Wachovia is pleased Citigroup will not stop it merging with Wells Fargo.
US financial giant Citigroup says it will not seek to bar Wells Fargo from taking over troubled bank Wachovia.
Citigroup said it was walking away from talks aimed at dividing up Wachovia's assets with rival Wells Fargo.
However, Citigroup said it would still seek damages from the two banks over its thwarted attempt to secure Wachovia's banking operations.
Hit hard by the credit crisis, Wachovia was keen secure what it saw as the better offer from Wells Fargo.
"Citi believes that it has strong legal claims against Wachovia, Wells Fargo and their officers, directors, advisors and others for breach of contract," the US banking group said in a statement.
"However, Citigroup has decided not to ask that the Wells Fargo-Wachovia merger be enjoined."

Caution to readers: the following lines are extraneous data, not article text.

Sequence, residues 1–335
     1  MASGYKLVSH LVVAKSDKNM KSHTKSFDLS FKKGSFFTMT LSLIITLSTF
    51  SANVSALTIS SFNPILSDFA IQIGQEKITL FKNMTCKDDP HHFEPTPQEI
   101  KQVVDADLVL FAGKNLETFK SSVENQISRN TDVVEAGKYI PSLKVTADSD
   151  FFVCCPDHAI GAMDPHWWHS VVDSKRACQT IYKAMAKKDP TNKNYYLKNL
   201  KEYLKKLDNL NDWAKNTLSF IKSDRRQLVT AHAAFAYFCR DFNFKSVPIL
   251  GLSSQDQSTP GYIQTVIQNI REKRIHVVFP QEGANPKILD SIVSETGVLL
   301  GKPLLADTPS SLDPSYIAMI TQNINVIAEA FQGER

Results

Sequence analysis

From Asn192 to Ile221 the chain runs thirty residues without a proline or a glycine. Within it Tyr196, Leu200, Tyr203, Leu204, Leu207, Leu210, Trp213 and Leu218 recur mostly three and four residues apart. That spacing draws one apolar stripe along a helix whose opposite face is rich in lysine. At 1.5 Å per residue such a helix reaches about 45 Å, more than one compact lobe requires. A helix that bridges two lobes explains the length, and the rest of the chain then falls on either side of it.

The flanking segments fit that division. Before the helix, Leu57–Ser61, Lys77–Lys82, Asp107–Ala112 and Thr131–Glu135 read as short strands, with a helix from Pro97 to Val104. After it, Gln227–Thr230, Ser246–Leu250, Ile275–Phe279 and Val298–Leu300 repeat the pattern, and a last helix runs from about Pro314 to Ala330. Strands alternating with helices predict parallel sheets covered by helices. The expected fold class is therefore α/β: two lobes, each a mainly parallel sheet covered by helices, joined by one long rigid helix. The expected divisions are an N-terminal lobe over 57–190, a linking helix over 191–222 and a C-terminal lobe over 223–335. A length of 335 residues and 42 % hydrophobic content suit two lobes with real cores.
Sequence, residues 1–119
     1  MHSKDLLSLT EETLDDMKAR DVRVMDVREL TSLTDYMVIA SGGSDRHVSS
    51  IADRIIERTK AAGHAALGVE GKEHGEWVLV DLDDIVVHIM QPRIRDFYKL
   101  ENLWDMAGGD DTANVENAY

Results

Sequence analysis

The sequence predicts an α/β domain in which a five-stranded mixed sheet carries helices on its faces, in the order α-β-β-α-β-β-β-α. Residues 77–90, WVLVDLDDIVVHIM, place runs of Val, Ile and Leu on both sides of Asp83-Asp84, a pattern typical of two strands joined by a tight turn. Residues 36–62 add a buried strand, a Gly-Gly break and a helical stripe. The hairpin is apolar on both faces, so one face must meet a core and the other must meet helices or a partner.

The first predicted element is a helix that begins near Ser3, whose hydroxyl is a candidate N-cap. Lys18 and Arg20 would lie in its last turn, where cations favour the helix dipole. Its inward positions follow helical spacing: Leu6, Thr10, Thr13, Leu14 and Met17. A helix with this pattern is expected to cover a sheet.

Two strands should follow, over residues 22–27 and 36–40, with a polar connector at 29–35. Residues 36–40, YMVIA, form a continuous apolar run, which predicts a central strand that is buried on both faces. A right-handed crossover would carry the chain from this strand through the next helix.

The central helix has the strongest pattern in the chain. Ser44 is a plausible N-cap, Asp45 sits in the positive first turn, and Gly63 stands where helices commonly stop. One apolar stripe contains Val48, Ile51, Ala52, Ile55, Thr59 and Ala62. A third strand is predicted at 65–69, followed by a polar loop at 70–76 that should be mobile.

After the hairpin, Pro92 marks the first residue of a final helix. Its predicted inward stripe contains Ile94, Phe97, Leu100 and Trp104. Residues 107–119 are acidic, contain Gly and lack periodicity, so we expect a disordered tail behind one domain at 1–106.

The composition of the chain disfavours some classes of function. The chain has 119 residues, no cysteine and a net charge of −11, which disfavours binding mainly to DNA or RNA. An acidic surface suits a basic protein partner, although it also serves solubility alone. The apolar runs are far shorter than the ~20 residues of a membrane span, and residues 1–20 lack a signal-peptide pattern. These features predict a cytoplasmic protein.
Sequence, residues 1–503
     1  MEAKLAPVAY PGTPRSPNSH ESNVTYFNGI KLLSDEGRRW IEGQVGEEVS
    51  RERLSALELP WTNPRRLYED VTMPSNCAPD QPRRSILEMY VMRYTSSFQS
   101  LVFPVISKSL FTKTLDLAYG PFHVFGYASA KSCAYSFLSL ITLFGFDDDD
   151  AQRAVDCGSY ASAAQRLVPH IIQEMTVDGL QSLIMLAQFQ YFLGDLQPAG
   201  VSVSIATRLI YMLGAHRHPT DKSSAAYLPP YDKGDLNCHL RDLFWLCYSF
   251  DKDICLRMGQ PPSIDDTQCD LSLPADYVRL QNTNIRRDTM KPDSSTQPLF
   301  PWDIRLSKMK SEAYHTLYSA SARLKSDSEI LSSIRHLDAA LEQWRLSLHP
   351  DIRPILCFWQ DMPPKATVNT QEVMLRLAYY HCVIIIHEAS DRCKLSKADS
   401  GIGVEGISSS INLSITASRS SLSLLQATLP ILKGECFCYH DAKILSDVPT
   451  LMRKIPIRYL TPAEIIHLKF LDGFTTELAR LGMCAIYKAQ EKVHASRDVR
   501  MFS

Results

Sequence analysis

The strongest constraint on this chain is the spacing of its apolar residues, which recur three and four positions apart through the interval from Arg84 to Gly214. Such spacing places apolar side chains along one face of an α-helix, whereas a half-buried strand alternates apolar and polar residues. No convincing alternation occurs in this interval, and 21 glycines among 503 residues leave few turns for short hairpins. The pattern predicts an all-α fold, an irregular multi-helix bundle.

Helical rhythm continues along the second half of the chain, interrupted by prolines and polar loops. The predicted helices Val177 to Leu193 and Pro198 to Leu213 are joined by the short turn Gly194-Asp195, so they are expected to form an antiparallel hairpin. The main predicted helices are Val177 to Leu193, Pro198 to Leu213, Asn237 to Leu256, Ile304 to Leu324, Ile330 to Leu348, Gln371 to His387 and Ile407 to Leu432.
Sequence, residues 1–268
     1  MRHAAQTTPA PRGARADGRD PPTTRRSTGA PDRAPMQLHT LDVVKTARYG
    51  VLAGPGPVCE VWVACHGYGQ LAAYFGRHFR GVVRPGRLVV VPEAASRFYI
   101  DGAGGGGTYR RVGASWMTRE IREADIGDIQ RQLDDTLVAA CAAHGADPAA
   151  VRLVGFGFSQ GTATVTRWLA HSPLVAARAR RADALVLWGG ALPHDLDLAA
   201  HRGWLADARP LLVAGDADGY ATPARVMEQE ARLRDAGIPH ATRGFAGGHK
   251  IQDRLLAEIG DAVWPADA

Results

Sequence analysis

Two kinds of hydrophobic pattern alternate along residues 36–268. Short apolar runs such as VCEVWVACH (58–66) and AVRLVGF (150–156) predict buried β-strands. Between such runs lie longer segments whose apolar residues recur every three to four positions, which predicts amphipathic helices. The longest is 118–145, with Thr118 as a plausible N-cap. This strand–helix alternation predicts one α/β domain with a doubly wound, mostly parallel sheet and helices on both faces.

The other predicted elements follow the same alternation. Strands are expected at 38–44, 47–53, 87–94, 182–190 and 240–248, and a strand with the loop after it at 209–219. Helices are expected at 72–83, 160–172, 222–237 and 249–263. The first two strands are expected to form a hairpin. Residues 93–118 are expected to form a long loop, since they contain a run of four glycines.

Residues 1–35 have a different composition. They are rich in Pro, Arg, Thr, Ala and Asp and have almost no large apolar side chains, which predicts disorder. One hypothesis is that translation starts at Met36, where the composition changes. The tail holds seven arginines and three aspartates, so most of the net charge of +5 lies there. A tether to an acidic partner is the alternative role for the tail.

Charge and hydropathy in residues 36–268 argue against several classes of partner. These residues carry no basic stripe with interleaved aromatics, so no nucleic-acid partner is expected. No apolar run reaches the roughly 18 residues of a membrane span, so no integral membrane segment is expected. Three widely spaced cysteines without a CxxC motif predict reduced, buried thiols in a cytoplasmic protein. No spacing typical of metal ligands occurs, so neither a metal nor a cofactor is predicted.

Wachovia said it was pleased that Citigroup was ending its efforts to stop it merging with Wells Fargo.
Wachovia, the fourth largest US bank, had been in danger of failure after its share price fell by more than 70%.
Citigroup stepped in with a bid of $2.2bn (£1.3bn) in stock for Wachovia's banking activities.
The offer also covered $42bn of Wachovia's $312bn losses, with the US Federal Deposit Insurance Corporation absorbing the rest.
However, Wells Fargo later made a rival bid of $15bn in an all-stock deal to buy all of Wachovia, stressing its proposal involved no government intervention or taxpayer risk.